By Jessica Hopper
Mimi Alford says her 18 month affair with President John F. Kennedy was glamorous and fun, but also says the experience revealed a darker side of the king of Camelot.
“I was sort of swept into this web,” Alford told Meredith Vieira in an exclusive interview broadcast Wednesday night on NBC's Rock Center with Brian Williams. “The handsome president, his charisma, his magnetism.”
“Webs are sort of gentle, in a way. They’re controlling, but they are gentle,” Alford said.
Half a century after the affair, it’s still difficult for Alford to talk about the relationship that she says began when she was just 19 years old.
“I don’t think what I did at 19 was bad,” Alford told Vieira through tears.
“I’m remembering how enthusiastic I was and how much fun I was to be with,” Alford said. “I wasn’t after anything. I wasn’t after a job. I was just a young girl.”
Alford says that her sexual relationship with the 45-year-old Kennedy began in the summer of 1962, four days into her internship at the White House. She describes the affair as one where she and the president never kissed. Even in their most intimate moments, she called him Mr. President, never Jack, Alford says.
“It wasn’t a romantic affair. I don’t really remember the president ever kissing me and it, that makes me sad. I don’t remember really kissing him either and I think really that I didn’t, I certainly didn’t learn how to have a real relationship through that relationship,” Alford said.
Now 68, Alford has written a book, Once Upon a Secret My Affair with John F. Kennedy and its Aftermath, sharing explicit details about her relationship with the president. She describes Kennedy as both “boyish” and “shy” around her, but also writes about witnessing his demons.
While Alford and Kennedy’s affair began in 1962, she first met the president a year earlier. In 1961, she was a senior at Miss Porter’s School in Connecticut and was the editor of the boarding school’s newspaper. She wanted to interview her school’s most famous alumna, Jackie Kennedy. She didn’t get the interview with the first lady, but she was invited to visit the White House and interview Mrs. Kennedy’s social secretary, Letitia Baldridge.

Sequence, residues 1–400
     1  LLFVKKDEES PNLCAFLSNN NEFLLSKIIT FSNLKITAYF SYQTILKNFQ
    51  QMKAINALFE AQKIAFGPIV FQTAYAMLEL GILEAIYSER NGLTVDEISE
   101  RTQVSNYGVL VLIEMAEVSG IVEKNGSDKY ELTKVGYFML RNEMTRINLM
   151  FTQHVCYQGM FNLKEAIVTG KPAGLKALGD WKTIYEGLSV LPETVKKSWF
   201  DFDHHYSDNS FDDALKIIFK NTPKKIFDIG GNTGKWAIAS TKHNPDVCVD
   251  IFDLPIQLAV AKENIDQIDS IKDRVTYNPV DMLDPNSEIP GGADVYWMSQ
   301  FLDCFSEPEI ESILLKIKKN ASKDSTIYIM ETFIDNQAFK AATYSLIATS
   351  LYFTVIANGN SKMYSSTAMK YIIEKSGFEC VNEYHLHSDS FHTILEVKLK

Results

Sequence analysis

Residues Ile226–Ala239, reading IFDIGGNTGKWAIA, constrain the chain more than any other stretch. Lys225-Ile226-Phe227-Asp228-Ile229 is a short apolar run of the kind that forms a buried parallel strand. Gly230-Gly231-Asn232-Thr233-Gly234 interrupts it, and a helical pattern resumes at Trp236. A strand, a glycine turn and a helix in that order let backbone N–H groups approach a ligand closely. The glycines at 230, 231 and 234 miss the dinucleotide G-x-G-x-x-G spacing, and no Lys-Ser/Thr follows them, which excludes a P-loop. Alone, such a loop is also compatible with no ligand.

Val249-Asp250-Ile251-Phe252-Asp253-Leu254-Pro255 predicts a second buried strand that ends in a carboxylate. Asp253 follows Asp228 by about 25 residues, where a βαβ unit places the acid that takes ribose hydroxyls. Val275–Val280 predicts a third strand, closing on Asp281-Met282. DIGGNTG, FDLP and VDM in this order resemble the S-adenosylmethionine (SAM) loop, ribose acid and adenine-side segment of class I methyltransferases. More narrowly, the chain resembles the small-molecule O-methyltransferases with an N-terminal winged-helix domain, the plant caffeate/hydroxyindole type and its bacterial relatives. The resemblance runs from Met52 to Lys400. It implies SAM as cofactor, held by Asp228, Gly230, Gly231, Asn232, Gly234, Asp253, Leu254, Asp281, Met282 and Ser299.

While visiting the White House, she met Kennedy briefly. A year after her article was printed, she was a freshman at Wheaton College in Massachusetts when she received a surprising offer of a job as a White House intern. Alford had never applied for the job.
“I was excited about this job. It seemed like a miracle,” Alford said. “And I was a little bit wide-eyed I think, not knowing exactly what to expect, but full of enthusiasm and hope.”
Parts of Alford’s story are impossible to confirm because the people involved are no longer alive. However, NBC News talked to several people tied to the JFK administration who confirm that Alford was a White House intern and had special access to the president. An oral history by JFK White House aide Barbara Gamarekian references a beautiful intern named Mimi who Gamarekian suspected had an affair with Kennedy. Gamarekian is no longer alive.
The First Encounter with Pres. Kennedy
The debutante from a prominent New Jersey family headed to Washington, D.C. in the summer of 1962 to begin working in the White House press office. Four days into her internship, Alford says JFK aide David Powers invited her to go swimming.
“He said, ‘A group of us are going to have a swim at lunchtime. Would you like to join us?’” Alford said. “I think I was probably so taken in by being invited to go do it that I didn’t think too much about it’s odd, should I be doing this, should I not be doing this? I thought, no, I’ll just go ahead and do it.”
Alford says she was joined by two others in the pool, White House staffers Priscilla Wear and Jill Cowan, who were playfully dubbed ‘Fiddle and Faddle.’